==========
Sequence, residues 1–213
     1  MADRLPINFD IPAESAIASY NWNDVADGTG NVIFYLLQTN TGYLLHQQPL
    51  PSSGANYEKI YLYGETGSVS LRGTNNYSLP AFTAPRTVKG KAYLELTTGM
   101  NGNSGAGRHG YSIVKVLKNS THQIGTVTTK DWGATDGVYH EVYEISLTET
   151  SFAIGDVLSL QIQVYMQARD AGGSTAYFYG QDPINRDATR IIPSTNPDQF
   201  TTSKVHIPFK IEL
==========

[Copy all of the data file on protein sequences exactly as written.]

Sequence, residues 1–213
     1  MADRLPINFD IPAESAIASY NWNDVADGTG NVIFYLLQTN TGYLLHQQPL
    51  PSSGANYEKI YLYGETGSVS LRGTNNYSLP AFTAPRTVKG KAYLELTTGM
   101  NGNSGAGRHG YSIVKVLKNS THQIGTVTTK DWGATDGVYH EVYEISLTET
   151  SFAIGDVLSL QIQVYMQARD AGGSTAYFYG QDPINRDATR IIPSTNPDQF
   201  TTSKVHIPFK IEL